2. Links can be one-way, two-way, or both. Links can be thicker or thinner reflecting differing strengths or capacities.
3. The network can require some nodes to be linked, all nodes to be linked, all nodes to be linked to each other.
4. Nodes can restrict what they do and don’t accept from links. Links can restrict what they send from node to node, and how much they will send from node to node.
When designing a network, there is a constant tension of what role should be given to nodes and what to links. Just to make your head spin, you can invert networks, making all nodes links and vice versa. In their very underlying structure networks exhibit the tension between competition and cooperation over control and resources.
Why do networks matter?
Networks matter because they structure nodal connections. Without a structure, nodes would just pile beside or on top of one another. Links give nodes a structure, for example restricting which node can talk to another node, and so on. Information, resources, objects, flow according to the structure of the links.
You can get quite meta-physical about networks. Classification starts with division - “‘Let there be light,’ and there was light … and he separated the light from the darkness” calling the light ‘day,’ and the darkness ‘night.’ Thus, we separate nodes from links.
As you design networks, you rapidly realise they are complex; separations aren’t that crisp and clear. Maps are ambiguous. Cities can be defined by defensive walls, planning permission authorities, taxation, worker location, or dependence on a host of infrastructure, air, land, & sea transportation, water, energy, waste, communications. Obviously, an English city has a cathedral, except that London has two notable cities, Westminster, and our City.
If a city is a node and a railway a link, what is the boundary of a city? Many cities - London and New York spring immediately to mind - have burst their boundaries and expanded by swallowing older villages and boroughs. We have twin cities such as Budapest or the metropolitan area of Minneapolis-St Paul.
Of course, the railway link is simple, not. When building a computer simulation of British Rail in the 1980s, we had trains that started at Birmingham for London, gaining and losing coaches along the way, gaining and losing engines along the way. We had a circular train in the Midlands that never had the same engines or coaches in its daily loop. Our solution was to banish the word ‘train’ and just specify a set of engines and coaches from station to station. Of course, a station is simple, not. Many stations had multiple railways.
Philosopher Ludwig Wittgenstein tried to apply exactness to language and its relationships with real objects. Later he abandoned this view. Words are imprecise, fuzzy. Their meaning lies in the way people connect them to achieve goals. A quantum calculus, ZX, states that “only connectivity matters”.
Similarly, network theory tries to organise fuzzy situations. Once we have expressed a system of interconnected things in a network diagram or simulation, we can begin to measure it. People have used network theory to analyse any number of things, from why groups of people do or don’t work together, to how protest signs identify sister radical organisations, to political jokes about Obama, Trump, and Biden.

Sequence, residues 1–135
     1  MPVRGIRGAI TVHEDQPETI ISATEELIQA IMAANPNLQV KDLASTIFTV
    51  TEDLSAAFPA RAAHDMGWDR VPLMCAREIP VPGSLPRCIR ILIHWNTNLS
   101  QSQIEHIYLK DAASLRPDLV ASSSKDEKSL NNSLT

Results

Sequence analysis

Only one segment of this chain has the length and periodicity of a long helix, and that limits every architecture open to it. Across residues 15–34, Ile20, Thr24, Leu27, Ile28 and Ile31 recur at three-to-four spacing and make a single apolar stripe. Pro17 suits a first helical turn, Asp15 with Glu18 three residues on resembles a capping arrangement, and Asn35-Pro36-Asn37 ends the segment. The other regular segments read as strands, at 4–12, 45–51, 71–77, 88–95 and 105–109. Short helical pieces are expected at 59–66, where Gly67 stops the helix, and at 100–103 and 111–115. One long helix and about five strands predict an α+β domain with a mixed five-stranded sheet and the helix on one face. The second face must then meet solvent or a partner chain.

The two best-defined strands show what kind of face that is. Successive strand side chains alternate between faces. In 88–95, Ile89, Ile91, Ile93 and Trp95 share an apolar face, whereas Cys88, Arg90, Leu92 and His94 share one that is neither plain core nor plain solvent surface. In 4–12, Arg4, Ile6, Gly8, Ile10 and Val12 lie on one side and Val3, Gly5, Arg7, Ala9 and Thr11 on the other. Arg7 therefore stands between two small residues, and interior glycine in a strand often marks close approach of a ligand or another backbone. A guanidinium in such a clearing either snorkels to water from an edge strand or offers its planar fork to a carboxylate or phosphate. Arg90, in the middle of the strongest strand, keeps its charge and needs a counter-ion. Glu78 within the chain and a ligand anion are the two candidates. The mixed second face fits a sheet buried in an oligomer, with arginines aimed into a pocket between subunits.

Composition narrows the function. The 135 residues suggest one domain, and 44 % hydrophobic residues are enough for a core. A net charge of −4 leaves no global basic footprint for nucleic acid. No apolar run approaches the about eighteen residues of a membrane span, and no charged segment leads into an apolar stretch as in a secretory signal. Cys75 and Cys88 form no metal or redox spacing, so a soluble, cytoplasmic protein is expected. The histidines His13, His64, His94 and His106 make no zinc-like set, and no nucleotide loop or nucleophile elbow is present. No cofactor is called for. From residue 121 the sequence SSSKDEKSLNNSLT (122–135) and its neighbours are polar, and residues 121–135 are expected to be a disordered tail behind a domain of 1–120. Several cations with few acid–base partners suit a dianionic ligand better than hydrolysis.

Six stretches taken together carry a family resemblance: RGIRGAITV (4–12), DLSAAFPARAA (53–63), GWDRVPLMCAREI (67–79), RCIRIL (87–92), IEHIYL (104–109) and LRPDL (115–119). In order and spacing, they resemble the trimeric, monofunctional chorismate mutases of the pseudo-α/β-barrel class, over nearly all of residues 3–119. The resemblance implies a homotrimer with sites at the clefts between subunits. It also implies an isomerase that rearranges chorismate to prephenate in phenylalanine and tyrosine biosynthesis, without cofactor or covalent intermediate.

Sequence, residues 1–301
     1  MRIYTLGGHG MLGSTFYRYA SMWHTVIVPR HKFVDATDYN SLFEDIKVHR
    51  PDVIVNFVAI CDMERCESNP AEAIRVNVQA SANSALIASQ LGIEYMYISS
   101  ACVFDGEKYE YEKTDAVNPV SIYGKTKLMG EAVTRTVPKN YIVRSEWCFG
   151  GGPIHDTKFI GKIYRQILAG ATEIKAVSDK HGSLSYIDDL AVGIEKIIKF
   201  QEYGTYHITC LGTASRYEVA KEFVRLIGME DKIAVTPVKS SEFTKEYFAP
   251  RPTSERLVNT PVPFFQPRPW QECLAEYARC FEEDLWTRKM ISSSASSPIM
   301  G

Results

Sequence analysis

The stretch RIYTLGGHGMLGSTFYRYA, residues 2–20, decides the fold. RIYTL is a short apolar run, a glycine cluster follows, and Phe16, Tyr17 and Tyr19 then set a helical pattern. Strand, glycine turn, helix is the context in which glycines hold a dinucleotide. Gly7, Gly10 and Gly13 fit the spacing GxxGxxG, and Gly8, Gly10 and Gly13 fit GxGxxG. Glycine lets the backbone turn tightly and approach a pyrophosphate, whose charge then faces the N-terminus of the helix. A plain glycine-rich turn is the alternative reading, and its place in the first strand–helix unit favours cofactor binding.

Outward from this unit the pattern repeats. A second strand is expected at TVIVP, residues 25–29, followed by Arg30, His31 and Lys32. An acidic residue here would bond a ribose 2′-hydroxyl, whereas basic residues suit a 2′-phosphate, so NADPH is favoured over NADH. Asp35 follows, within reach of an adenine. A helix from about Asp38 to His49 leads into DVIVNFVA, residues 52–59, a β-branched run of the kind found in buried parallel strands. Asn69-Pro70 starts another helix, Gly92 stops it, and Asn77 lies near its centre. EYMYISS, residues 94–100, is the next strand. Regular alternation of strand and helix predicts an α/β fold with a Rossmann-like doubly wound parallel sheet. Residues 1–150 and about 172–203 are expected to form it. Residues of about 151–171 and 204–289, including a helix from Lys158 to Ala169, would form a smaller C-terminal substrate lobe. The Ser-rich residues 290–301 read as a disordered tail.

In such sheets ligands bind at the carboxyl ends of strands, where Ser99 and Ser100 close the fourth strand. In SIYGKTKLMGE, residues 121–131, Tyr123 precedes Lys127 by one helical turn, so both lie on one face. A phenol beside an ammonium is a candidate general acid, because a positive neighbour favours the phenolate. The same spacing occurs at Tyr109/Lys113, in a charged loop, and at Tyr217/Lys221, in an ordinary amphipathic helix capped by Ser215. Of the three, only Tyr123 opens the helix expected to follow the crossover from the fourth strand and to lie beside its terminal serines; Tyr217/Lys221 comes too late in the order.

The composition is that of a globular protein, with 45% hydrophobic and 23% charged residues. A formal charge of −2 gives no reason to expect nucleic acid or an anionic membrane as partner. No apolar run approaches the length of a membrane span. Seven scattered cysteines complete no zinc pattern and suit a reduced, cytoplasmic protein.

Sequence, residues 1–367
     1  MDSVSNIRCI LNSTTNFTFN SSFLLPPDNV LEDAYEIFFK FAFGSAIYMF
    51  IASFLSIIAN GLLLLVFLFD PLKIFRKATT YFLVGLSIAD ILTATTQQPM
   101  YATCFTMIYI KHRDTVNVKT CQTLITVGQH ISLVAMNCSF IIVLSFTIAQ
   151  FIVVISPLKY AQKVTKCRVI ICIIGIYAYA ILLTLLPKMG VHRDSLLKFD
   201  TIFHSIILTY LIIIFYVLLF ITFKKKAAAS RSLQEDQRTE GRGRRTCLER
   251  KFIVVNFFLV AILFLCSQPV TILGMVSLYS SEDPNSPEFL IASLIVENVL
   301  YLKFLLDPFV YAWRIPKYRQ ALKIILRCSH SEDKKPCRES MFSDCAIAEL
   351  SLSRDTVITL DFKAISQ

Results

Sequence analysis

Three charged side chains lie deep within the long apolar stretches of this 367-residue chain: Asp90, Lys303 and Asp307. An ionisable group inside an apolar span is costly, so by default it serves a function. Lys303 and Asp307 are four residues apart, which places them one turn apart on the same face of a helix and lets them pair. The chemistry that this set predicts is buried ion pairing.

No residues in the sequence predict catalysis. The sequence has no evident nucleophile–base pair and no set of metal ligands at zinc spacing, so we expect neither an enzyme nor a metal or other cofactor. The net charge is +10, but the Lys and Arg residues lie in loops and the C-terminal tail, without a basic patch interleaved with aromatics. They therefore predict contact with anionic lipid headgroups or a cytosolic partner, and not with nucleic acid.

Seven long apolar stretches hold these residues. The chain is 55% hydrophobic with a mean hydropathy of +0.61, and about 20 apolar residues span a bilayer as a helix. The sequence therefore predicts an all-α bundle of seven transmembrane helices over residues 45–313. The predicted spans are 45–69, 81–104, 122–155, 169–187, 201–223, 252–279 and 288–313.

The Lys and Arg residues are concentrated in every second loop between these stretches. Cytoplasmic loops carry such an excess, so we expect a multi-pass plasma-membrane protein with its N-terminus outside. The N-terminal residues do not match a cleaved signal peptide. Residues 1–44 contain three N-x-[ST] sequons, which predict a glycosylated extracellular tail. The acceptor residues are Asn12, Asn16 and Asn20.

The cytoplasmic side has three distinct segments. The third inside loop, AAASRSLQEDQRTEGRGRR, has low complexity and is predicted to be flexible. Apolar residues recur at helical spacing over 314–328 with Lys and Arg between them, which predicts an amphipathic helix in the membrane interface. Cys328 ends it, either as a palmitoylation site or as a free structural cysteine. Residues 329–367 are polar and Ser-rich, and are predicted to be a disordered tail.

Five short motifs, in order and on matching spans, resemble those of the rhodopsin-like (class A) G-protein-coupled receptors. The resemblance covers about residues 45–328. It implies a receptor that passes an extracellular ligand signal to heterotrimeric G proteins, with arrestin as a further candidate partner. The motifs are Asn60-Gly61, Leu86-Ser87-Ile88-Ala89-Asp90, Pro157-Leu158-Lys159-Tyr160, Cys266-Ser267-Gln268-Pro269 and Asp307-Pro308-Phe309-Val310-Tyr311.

We also have creative ways of measuring networks, e.g., centrality, breadth, depth, volatility, utilisation, stress, round trip time, latency, jitter, gradients, and fractal dimensions. Google’s original search engine was based on a simple network measurement – “PageRank works by counting the number and quality of links to a page to determine a rough estimate of how important the website is. The underlying assumption is that more important websites are likely to receive more links from other websites.”
Some fun uses of network analysis began with Hungarian Frigyes Karinthy in 1929 postulating “six degrees of separation” in a short story, leading on to Erdős numbers, the distance to the famous Hungarian mathematician, to the website SixDegrees.com, and later social link networks such as LinkedIn.
One 2015 MIT network analysis I loved identified people who were harbingers of failure, whose very purchase of products indicated a product’s likely flop. MIT marketing professor Catherine Tucker explains, “If you’re the kind of person who bought something that really didn’t resonate with the market, say, coffee-flavored Coca-Cola, then that also means you’re more likely to buy a type of toothpaste or laundry detergent that fails to resonate with the market.”
Dynamic network theory studies how networks change over time. Dynamic network theory proposes eight social network roles people can play: goal striving, system supporting, goal preventing, system negating, observing, system reacting, goal reacting, and system ignoring. Applying these eight roles to politics, for example apathetic voters, dynamic network theorists analyse the interactions and preferences of social media users for marketing, advertising, and personalisation; for instance, the diffusion of information and opinions on Twitter during US presidential elections.